Wanted to start this thread talking about the required calculations for the shredder.
The calculation for torque is from the shear stress required to cut a specific material. The shredder uses a mode of shear to cut material which is a perpendicular force applied to a material. In this case 2 perpendicular forces that are equal and opposite in direction. the 2 perpendicular forces are parallel to each other but opposite in direction.
Shear is calculated from a rule of thumb percentage of the yield stress(its something like 80% of yield stress) of the material you are trying to cut. (google yield stress of your material). stress is the Force applied divided by the Area that the force is applied over =F/A. The Area is found by the cross section area of the material of cut that the shredder blade contacts. Then to determine the power of the motor required is from the torque the motor puts out at a given rpm. Torque is Force times Distance F*D. So to solve for force at the cutting area you will divide the torque by the RADIAL(Radius of cutter) distance to the cutting TIP (worst case) . This solves to (F*D)/D = F. Now Equation to find horsepower is RPM (rotation per minute) * Torque all divided by 5252
So lets say the contact cross section area(A) is calculated from a Triangle sweep of shape of cut
(2.5″ x .4″)/2″ = .5″^2 (the worse case from design of my shredder)
Radial distance to tip is 3.5″ Diameter/2 (my design of shredder) R = 1.75″
I googled Yield Strength of HDPE and came up with 4350 PSI (F/A aka pressure).
So i am going to take 80% of that for rule of thumb i get 3500 PSI.
So 3500 PSI = F/A.
I solve for Force so Force = 3500 * .5 = 1750 That equals 1750 Lbs of force.
Now solve for how much torque i need from my motor.
Torque = Force * Distance so Torque = 1750 * 1.75″ = 3063 inch-pounds of torque.
lets say i have a motor that rotates at 5 rpm.
For horsepower (3063 * 5) = 15315 in-lbs/sec / 12 = 1276.25/ 550 =2.32HP
Then we have something called S.F. (safety factor) which is basically the needed power multiplied by the Safety Factor which is basically a allowance for unaccounted variables or harder materials that are trying to be shredded etc. in this case lets say S.F. of 2 so 2.32 * 2 = 4.6HP.
The reason why this is so high is because we are cutting the max cross section of HDPE that my shredder can handle.
So what if it is human powered. how long of a bar “moment arm” would you need to shred that max cross section area. so we need 3,063 inch-lb of torque. i weigh 160 lbs. so take 3063 and divide by 160 lbs to get a 19.14 inch long bar witch is almost 2 feet which is very manageable. Meaning that the machine will be way cheaper and easier to power if it was just a long bar and you hang on it.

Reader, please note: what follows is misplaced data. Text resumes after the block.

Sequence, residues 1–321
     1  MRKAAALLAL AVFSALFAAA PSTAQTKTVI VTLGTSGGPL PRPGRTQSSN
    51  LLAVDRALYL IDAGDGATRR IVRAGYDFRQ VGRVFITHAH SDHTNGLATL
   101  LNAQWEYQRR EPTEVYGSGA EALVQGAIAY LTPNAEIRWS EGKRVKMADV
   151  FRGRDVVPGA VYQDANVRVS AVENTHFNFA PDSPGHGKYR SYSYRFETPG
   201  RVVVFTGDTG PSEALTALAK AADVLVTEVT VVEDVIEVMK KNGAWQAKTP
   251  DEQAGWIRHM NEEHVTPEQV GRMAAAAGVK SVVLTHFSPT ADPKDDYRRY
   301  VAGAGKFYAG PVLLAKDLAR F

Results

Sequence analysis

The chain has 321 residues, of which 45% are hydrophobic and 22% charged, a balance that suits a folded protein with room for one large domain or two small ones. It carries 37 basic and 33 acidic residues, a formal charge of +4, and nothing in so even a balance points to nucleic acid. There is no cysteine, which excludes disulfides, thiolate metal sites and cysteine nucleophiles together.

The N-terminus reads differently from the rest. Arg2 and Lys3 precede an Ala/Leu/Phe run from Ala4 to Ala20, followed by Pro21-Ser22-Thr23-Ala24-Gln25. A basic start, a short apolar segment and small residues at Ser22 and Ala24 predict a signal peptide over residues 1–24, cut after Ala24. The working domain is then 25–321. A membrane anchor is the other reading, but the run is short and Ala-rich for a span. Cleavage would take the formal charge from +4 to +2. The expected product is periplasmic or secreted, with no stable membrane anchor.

So when you do your calculations plug in the design of your shredder and use the yield stress of the HARDEST material you are trying to cut. Then find your HP Minimum then multiply it by at least 2 to allow for some other variables to get the motor you need.
Motor selection is very complex topic because you have to take account motor efficiency at different rpm and torque ranges. Brushless motors are most efficient at 80-90% their max RPM a efficiency of 80-90%. However at that RPM range torque is at 1/8 its maximum output torque. Luckily when a Motor is rated a specific HP rating that rating is at its maximum efficiency. Maximum efficiency of the motor is found at approximately half its MAXIMUM output HP. So that means when you load it even more the RPMs will drop to compensate for the required torque needed.
That is where gearboxes come in. The purpose of gearboxes is to try to have your cake and eat it too. In other words to run your motor at its max efficiency RPM and horsepower rating but “gear down” the rpm so that you also get the desired torque you want. So you go to your gearbox to trade RPM for torque. To do this you have a ratio such as 10:1 which means that your input gear is 10 times smaller than the output gear. Meaning the input gear has to turn 10 times to turn the output gear once. This cuts down your rpm by 10 times but increases your torque 10 times (not exactly). The higher the ratio the lower the output RPM but the higher the torque. And the reason why i said not exactly above is that gearboxes are not 100% efficient and you will lose power as heat from friction from the gears meshing (most gearboxes are around 90% efficient). So for a shredder the main question you have to ask yourself is mainly how low of RPMs can i live with that will determine your motor and gearbox selection.
Lets say we have a 1.5KW(~2 HP) Spindle motor for engraver/router. Reading off this spec sheet
rated Power: 1.5KW(~2HP)
Rated Speed: 1,000 RPM
Max RPM: 2400 RPM
So what is our torque. (RPM * Torque)/5252= HP
We have Rated RPM and Rated Power
Solve for Torque = (HP * 5252) / RPM = 10.5 Ft-lbs (pounds)
Alright so gearbox solve now
Lets say we are ok with 5 RPM for output
so from 1,000 RPM to 5
1,000/5= 200 so we would have a 200:1 ratio
So what is output torque
10.5 * 200 = 2100 Ft-lbs
Massive Torque. Low RPM. Easy Shredding. Or might tear machine apart.
Another thing you can do is run your motor at like 90% its maximum HP (dont want to run at 100% you will burn motor up) rating that will give you even more torque. However you will lose a lot of energy as heat as your motor will be running at 60% energy efficiency rather than 80% meaning you are spending 20% more energy than you need to.